The questionnaire was designed to investigate several aspects of substance use and sexual behaviours of study participants. We used a subset of key sociodemographic and behavioural variables to compare RDS recruitment across the two RDS Arms (Table 1). Self reported gender was categorized as male, female or transgender. Ethnicity consisted of Caucasian, First Nation, Métis and other/unsure (First Nation was inclusive of all Aboriginal groups with the exception of Métis; this latter group consists of individuals of mixed European and First Nations ancestry). Main income from part or full time employment was differentiated from monetary support from friends, family, government (e.g. welfare or employment insurance) or various types of illegal income. Housing was coded as “private residence” where individuals lived in an apartment or house belonging to the participant, a friend, or family member, while “public housing” consisted of unstable housing such as shelters, hotels, boarding houses, or on the street.
IDU were those who had ever injected non-prescription drugs; solvent users were those who had ever sniffed any solvents (solvent use was a focus of our larger study and was included here to inform future analyses). Street-involved youth were 14–24 years and further reported having “ever taken off or run away from home for 3 or more consecutive nights”. A series of questions were used to elicit MSM and sex work behaviours from study participants. Sex work included “survival sex” and was defined as being provided with money, drugs, food, clothes or shelter in exchange for sex.
Individuals consenting to serum testing for HIV were offered a follow-up appointment to receive their results and assistance with accessing appropriate health care. HIV testing was conducted using the ADVIA Centaur® HIV 1/0/2 Assay HIV (Siemens). All testing was carried out at Cadham Provincial Laboratory, Winnipeg, Manitoba, Canada. Of the 600 people in the study, 508 (84.7%) provided a serum specimen.
Data analysis focused on a comparison of the sample groups obtained via the separate RDS arms. Pajek  was used to identify the number and size of individual recruitment chains. The analysis summarized in Table 1 used Chi square analysis to identify overall differences between the arm 1 recruits, the arm 2 seeds, and the arm 2 recruits. The analysis of Table 2 used multinomial logistic regression to identify differences between the arm 1 recruits (used as the reference group) and the arm 2 seeds or arm 2 recruits. The 22 arm 1 seeds were not included, given their small number and purposeful selection. In the multinomial analysis, the effect of removing variables was assessed through the likelihood ratio test.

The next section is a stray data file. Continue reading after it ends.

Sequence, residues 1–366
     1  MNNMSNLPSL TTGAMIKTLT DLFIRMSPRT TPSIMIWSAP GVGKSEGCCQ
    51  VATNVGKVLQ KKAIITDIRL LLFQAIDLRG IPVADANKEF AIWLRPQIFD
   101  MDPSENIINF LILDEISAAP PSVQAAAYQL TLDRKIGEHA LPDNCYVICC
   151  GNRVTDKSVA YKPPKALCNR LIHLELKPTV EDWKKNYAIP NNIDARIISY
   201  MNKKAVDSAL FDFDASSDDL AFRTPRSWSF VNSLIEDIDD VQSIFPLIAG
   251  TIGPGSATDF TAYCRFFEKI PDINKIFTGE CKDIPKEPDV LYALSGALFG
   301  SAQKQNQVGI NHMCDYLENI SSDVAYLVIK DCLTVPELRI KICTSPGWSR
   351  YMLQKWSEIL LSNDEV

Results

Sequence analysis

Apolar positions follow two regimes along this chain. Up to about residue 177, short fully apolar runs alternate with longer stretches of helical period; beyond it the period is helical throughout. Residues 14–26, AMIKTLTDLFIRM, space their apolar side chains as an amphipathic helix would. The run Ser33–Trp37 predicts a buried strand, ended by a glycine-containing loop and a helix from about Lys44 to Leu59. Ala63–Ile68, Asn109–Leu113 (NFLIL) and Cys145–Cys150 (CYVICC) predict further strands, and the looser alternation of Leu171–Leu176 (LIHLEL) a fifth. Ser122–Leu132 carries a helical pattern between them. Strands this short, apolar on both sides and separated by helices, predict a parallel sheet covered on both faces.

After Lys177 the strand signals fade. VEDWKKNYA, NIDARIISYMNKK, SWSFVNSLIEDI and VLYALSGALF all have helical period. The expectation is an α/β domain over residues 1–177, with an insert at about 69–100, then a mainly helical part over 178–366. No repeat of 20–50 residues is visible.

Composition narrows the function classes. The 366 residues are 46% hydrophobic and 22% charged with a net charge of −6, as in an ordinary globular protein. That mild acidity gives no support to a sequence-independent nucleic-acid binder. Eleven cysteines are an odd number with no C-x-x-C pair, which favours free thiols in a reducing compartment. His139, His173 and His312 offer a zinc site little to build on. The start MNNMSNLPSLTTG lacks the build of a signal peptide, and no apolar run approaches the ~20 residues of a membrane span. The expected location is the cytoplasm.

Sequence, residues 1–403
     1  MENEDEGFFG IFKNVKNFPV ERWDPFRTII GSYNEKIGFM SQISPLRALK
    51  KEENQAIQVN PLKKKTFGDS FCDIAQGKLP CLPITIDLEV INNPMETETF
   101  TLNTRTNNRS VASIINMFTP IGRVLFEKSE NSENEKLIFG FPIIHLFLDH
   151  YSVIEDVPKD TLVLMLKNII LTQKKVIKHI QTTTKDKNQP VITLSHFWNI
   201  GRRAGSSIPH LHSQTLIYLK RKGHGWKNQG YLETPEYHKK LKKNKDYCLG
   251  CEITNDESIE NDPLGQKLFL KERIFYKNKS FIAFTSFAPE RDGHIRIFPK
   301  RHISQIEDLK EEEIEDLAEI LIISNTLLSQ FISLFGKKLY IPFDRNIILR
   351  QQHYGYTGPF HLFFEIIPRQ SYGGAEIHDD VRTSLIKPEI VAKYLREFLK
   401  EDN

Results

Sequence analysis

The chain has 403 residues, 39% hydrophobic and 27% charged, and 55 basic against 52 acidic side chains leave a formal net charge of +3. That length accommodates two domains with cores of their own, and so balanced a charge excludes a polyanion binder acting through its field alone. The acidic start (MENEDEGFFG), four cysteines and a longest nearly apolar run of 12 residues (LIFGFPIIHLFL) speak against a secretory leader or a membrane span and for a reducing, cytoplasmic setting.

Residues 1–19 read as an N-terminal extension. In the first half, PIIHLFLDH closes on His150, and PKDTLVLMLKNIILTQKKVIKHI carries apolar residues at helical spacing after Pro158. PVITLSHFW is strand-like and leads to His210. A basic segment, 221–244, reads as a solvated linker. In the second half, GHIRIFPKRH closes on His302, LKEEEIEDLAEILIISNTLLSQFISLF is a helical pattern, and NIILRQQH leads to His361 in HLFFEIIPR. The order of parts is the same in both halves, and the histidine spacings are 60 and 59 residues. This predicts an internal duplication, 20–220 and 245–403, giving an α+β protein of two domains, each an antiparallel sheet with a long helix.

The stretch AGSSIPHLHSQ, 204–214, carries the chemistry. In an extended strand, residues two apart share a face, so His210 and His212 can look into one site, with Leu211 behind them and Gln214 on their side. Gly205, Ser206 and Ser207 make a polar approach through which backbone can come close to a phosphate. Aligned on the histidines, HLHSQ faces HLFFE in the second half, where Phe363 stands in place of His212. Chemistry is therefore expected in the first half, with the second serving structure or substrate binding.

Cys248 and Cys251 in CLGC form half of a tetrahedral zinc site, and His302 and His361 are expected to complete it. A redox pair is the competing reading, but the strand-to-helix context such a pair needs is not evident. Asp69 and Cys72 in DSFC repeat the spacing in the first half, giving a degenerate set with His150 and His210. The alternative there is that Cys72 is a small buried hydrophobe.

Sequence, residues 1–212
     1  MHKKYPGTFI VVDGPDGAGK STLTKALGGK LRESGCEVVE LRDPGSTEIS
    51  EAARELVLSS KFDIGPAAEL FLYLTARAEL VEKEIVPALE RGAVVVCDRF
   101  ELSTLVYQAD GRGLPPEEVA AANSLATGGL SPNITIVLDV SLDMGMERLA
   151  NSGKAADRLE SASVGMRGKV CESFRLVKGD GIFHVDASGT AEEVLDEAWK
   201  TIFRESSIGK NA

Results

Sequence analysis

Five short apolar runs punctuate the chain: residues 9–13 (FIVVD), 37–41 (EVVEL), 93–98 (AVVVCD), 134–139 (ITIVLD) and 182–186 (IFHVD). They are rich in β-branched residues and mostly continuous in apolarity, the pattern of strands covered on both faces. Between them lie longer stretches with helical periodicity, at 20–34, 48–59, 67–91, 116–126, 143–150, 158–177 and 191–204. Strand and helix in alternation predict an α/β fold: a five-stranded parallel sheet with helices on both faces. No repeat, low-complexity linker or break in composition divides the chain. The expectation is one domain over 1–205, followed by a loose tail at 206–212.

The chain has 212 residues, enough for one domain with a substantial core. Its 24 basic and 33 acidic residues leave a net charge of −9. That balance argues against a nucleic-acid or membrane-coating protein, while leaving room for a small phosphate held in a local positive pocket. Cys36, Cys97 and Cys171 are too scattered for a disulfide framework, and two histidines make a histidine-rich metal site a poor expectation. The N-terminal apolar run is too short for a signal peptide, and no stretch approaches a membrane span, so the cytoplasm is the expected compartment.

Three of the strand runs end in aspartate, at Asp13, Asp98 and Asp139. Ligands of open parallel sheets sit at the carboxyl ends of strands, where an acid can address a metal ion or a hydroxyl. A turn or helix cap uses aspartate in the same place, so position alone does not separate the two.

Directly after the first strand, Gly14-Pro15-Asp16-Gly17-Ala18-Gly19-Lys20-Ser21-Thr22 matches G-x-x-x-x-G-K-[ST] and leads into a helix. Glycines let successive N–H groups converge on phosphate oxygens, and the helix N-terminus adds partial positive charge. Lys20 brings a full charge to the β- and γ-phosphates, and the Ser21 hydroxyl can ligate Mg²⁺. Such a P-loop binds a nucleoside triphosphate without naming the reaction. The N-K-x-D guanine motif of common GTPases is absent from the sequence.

The analysis for Table 3 used RDSAT version 5.6  to generate the RDS measures of estimated population proportion and homophily. Homophily values in RDS can vary from -1.0 to 1.0. Values near 0 indicate random recruitment (e.g. a value of 0 for individuals with male gender would indicate that males were equally likely to recruit a male participant as a female participant). Positive homophily values indicate a tendency to recruit others who share a given characteristic, while the opposite is true for negative values.
Analyses of Tables 4 and 5 used Fisher’s exact test and exact logistic regression  to assess associations between HIV and the outcome measures within each recruitment arm. Exact statistics were used due to low cell sizes. Similar to Rudolph et al. , we applied no RDS weights to any analysis as our analyses were meant to only compare the sample groups recruited within the two arms. All regression analyses were carried out in Stata version 11.1 (Stata Corporation, College Station, TX).
Identifying information was not recorded as part of questionnaire data and all testing of biological specimens was by anonymous code linked to the questionnaire. The study was approved by the Health Research Ethics Board of the University of Manitoba.
Seventeen (77.3%) of the 22 study staff selected seeds in Arm 1 successfully recruited other individuals to the study. These seeds recruited a total of 196 study participants (mean recruitment of 8.9 per seed). The largest recruitment chain within arm 1 consisted of 45 people (not including the seed). The mean number of recruits per RDS chain within arm 1 was 11.5, with 6 chains containing 10 or more individuals. For these latter 6 chains, the number of waves of recruitment ranged from 5–9, with a mean of 7.
Within arm 2, 118 individuals self presented to study staff and were designated as Arm 2 seeds. Of these, 108 agreed to attempt recruitment with 63 successfully recruiting. At close of data collection, arm 2 recruits numbered 264 resulting in a mean recruitment of 2.2 individuals per arm 2 seed. The largest recruitment chain consisted of 34 individuals. The mean number of recruits per chain within arm 2 was 4.2, with 6 chains containing 10 or more individuals. For these latter 6 chains, the number of waves of recruitment ranged from 4–6, with a mean of 5.
Logistic regression modeling of RDS arms
Univariable analysis of the ten sociodemographic and risk behaviour outcome measures chosen for analysis, demonstrated that the majority showed significant differences at the p < 0.05 level (education, income, housing, ethnicity, solvent use, street-involved youth, MSM, and sex work) (Table 1). In the final multinomial model (Table 2), seven outcome measures remained (although insignificant, housing was included due to better fit). With arm 1 recruits as the reference group, both arm 2 seeds and recruits were more likely to be sex workers (odds ratios [OR] of 2.59 and 2.36, respectively) and less likely to be MSM (OR of 0.24 and 0.33, respectively). Arm 2 seeds only were more likely to have dropped out of school (OR of 1.83) and to have income from non-employment sources (OR of 2.47) while arm 2 recruits were more likely to be solvent users (OR of 1.60; arm 2 seeds approached significance for this variable with a p of 0.056 and OR of 1.62)) and less likely to be street-involved youth (OR of 0.34).